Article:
The first three days after surgery day (which they called, “day zero”), I was on an epidural catheter for pain management. My legs felt heavy, but they weren’t completely numb. I could still wiggle my toes, but couldn’t move my legs much. I was to stay on bedrest, only permitted to elevate my bed 45 degrees at the most. I had to be turned every few hours, but I found myself wanting it more frequently than that. I kept feeling an awful, really bothersome pain in my heels. I had experienced it back home too, so I knew it couldn’t have been because of the surgery. I suspect the heel pain was being caused by a pressure point, which illicted a sort of burning, irritated sensation. I was sure to be vocal to my nurse, and we tried several different things to try and alleviate the pain, but it didn’t go away completely until “Day 3” and afterwards.
Being on bedrest was not easy, and quite frankly, it was quite boring. The first two days, I couldn’t tolerate big bright screens or reading because they both gave me a headache. So, I was left with my phone for entertainment. At least I was able to update loved ones on my own through messaging.
I actually spent nights alone, as my mother and I agreed prior that she would spend nights back at the hotel in order to have restful sleep so she could better care for me. In the mornings, I would constantly check my phone for the time, waiting somewhat impatiently for my mom and boyfriend to walk through the door and keep me company until the evening. My whole face lit up with glee when I finally heard their voices and saw them. It’d only been a night since seeing them last, but it honestly felt like it’d been forever.
Days and nights were unfortunately equally tough, as my roommate happened to be an inconsolable infant. I’m not exaggerating; this baby would not stop crying, which obviously made it hard to rest. It has to be common knowledge that it’s almost impossible to rest adequately in a hospital anyway, but put a crying baby in the mix…goodbye, sleep!
Not to worry; I was eventually transferred to another room on the floor with a different, far quieter roommate. In my new room, I was in the front by the door, which meant I could partly entertain myself by watching different hospital staff walk by in the hall and guessing what their job was if I didn’t already recognize them.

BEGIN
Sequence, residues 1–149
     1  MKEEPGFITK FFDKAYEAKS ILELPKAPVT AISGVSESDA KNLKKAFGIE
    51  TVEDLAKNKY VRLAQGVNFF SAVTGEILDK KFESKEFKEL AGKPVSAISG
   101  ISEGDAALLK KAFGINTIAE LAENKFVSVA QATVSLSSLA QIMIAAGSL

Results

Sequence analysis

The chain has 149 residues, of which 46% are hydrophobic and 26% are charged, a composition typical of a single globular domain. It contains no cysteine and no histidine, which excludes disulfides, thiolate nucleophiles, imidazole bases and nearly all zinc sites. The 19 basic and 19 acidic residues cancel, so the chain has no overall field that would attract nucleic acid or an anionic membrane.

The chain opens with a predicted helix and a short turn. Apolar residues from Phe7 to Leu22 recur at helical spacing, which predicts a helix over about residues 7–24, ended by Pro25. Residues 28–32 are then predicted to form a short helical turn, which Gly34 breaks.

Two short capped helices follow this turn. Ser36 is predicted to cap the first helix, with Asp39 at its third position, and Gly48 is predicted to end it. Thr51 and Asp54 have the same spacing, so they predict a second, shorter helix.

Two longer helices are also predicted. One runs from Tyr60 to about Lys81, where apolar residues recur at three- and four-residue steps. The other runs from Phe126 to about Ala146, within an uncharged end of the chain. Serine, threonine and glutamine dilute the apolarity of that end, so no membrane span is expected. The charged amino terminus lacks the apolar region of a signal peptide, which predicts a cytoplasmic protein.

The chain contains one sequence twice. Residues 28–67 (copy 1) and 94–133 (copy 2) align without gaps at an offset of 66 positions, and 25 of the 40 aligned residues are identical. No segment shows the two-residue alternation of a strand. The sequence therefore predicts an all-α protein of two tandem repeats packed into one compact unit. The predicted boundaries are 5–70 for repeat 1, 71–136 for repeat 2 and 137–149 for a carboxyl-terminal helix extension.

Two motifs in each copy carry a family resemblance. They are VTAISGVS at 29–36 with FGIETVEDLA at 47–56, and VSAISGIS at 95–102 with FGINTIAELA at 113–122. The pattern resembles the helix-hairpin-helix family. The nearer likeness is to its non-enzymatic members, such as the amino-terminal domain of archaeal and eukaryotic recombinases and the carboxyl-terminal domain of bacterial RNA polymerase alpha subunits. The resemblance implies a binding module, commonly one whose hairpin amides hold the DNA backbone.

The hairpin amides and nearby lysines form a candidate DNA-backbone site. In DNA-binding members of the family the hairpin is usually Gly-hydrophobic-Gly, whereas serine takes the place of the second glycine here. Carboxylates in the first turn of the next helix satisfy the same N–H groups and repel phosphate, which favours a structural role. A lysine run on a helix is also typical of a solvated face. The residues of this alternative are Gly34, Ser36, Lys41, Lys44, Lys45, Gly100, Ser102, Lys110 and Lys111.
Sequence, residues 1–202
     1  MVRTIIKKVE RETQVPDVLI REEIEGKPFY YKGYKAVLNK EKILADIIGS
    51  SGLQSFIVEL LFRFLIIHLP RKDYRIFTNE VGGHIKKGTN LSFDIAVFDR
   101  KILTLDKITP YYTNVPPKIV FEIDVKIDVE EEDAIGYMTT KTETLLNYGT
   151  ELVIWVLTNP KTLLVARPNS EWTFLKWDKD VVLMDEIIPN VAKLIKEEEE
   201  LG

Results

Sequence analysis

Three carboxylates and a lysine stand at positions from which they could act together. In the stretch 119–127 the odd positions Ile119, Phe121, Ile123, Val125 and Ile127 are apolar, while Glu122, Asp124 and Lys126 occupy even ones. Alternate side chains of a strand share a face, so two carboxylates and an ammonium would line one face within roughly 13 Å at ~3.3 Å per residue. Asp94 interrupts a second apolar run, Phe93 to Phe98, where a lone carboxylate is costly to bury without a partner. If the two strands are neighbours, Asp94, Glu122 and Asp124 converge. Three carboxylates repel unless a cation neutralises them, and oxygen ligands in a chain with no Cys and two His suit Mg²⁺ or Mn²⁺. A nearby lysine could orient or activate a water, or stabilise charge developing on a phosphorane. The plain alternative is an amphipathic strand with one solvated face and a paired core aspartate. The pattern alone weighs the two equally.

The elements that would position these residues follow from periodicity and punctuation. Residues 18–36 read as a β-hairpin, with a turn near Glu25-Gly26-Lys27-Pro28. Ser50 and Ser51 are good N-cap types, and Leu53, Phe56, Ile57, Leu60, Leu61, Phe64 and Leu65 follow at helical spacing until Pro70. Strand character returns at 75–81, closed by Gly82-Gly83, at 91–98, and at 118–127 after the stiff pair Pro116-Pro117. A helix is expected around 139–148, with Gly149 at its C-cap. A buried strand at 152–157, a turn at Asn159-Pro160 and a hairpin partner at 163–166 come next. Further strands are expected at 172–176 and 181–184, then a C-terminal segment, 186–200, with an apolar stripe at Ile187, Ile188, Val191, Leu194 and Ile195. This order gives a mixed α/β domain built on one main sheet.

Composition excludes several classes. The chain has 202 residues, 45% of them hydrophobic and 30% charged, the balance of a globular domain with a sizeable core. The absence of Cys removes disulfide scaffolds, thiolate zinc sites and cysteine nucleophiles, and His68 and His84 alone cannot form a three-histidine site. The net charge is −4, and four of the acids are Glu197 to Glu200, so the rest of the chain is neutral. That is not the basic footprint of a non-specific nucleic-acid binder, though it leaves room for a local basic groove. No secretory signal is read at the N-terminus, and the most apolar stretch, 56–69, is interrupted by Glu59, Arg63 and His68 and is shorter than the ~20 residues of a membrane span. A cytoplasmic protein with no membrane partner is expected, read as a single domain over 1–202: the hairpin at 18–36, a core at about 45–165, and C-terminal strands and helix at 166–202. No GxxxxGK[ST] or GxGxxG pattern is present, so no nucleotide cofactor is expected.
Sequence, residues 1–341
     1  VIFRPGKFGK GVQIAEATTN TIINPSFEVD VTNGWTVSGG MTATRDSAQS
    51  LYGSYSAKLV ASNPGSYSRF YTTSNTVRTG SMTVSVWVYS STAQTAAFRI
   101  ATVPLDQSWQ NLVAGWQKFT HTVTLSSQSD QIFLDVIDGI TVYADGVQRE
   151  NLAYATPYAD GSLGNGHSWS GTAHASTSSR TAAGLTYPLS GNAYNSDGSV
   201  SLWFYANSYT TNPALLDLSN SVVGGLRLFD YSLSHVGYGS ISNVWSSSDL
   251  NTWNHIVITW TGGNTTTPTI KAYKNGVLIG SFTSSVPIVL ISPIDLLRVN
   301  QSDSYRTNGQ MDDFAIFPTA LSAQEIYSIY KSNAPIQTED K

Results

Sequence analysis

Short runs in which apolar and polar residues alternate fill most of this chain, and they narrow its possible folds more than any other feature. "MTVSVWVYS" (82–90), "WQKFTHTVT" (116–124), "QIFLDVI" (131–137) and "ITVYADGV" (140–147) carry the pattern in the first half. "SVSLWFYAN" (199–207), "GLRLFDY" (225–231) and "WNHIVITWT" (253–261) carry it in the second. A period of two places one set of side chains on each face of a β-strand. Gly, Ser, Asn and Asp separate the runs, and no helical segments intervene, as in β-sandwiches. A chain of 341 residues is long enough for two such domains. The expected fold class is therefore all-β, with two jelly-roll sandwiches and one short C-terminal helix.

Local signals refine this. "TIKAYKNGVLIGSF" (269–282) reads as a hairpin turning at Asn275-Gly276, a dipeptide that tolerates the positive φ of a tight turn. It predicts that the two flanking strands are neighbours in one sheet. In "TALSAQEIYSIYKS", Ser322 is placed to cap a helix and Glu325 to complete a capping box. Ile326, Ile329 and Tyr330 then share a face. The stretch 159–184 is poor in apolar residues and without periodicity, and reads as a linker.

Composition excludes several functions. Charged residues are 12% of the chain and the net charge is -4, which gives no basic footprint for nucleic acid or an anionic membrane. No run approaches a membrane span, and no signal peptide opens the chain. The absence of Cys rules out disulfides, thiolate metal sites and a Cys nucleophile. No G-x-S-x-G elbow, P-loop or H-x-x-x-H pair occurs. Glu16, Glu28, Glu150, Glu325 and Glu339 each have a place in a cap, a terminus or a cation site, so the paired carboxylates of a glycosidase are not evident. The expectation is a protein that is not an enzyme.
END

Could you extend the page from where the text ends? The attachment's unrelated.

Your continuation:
When Day 3 arrived, I was already up by about 6:30am. By then, a doctor whose name I don’t remember, but whose face I kept seeing, came to remove my epidural catheter. Lots of sticky tape, he said, as he peeled something off my back. It’s out.
“Thank you,” I said, and soon the doctor was gone. I was left to lay there with my thoughts. I knew there was no way I was getting any more sleep knowing the catheter was eventually going to wear off and thus the pain would really set in.
By 9am, my physical therapist, the same one who had done my pre-SDR PT eval, entered the room. When I first met her the day before my surgery, the trust appeared immediately and we got along extremely well. So in other words, I was happy to see her. Luckily, my loved ones were already in the room with me. I say luckily because this was my big moment: after three days of bedrest, it was time to get me out of bed and into my wheelchair. Fortunately, this also meant I could finally get out of that hospital gown and into my own set of comfortable, comforting clothes. “I can wear my own clothes!” I rejoiced.
“OK, are you ready?” she asked me after my mom helped me change. “You’re going to log roll to your left side, put your arm around my shoulder as though you’re hugging me, and I’m going to very gently, very slowly, swing your legs to the floor. Sound good?”
“OK,” I agreed. As I log rolled to my left to begin the maneuver, I tried very hard to breathe in and out. It’s often so easy for me to hold my breath during moments like this; not sure why. My physical therapist reached down toward me, and I put my right arm around her neck.
“Now, you count down.”
Three….two…one…. I realized quickly that she was counting down with me. When I slowly sat up 90 degrees for the first time in three days, my back was on fire. The pain was so bad that literally all the color left my face and I almost passed out right there on the bed.
Yet, somehow, I didn’t. All I could manage to say was, in one whisper, “…This really hurts.”
Breathe, my physical therapist said. Just breathe. She reached up and brushed a stray curl from my forehead. Look at me and just breathe. I followed the sound of her voice and tried to concentrate on anything other than the pain in my back.
When I transferred to my wheelchair, the pain didn’t subside all that much. We were to take a little stroll down the hall. As I finally made it out of my room, the above hallway lights were so bright that I was getting a headache. “Can we go back now?” Seeing as we made it a respectable distance, my physical therapist agreed, and I headed back to bed.
By discharge day, I had done some gentle, light exercises with my PT, and the back pain had gotten slightly easier to manage. I was getting better and better at transferring to and from my wheelchair and to and from a commode.
When we were given the green light to leave the hospital, I remember being especially thrilled to be able to roll through the hospital’s front entrance and into the sunlight.